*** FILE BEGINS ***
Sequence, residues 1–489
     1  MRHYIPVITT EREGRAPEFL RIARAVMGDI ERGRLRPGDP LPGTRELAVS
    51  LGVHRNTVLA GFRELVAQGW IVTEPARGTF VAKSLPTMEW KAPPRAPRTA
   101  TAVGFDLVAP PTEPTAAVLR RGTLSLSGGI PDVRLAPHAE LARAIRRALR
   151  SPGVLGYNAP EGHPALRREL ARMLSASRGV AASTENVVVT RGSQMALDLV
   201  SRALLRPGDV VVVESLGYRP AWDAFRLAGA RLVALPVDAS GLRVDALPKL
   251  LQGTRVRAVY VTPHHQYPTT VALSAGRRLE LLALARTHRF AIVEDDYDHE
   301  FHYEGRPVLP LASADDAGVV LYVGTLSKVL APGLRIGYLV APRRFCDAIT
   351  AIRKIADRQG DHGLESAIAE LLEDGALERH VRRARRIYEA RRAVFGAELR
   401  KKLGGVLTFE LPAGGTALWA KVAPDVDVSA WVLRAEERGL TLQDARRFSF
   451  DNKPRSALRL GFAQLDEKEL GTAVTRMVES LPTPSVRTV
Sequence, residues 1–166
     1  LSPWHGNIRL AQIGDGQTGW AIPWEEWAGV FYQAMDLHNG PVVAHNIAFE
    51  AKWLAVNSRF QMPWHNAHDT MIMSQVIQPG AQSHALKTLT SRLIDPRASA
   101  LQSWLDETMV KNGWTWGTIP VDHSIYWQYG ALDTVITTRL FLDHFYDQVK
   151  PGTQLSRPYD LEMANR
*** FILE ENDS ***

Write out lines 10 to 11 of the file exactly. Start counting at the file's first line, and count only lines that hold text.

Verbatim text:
   401  KKLGGVLTFE LPAGGTALWA KVAPDVDVSA WVLRAEERGL TLQDARRFSF
   451  DNKPRSALRL GFAQLDEKEL GTAVTRMVES LPTPSVRTV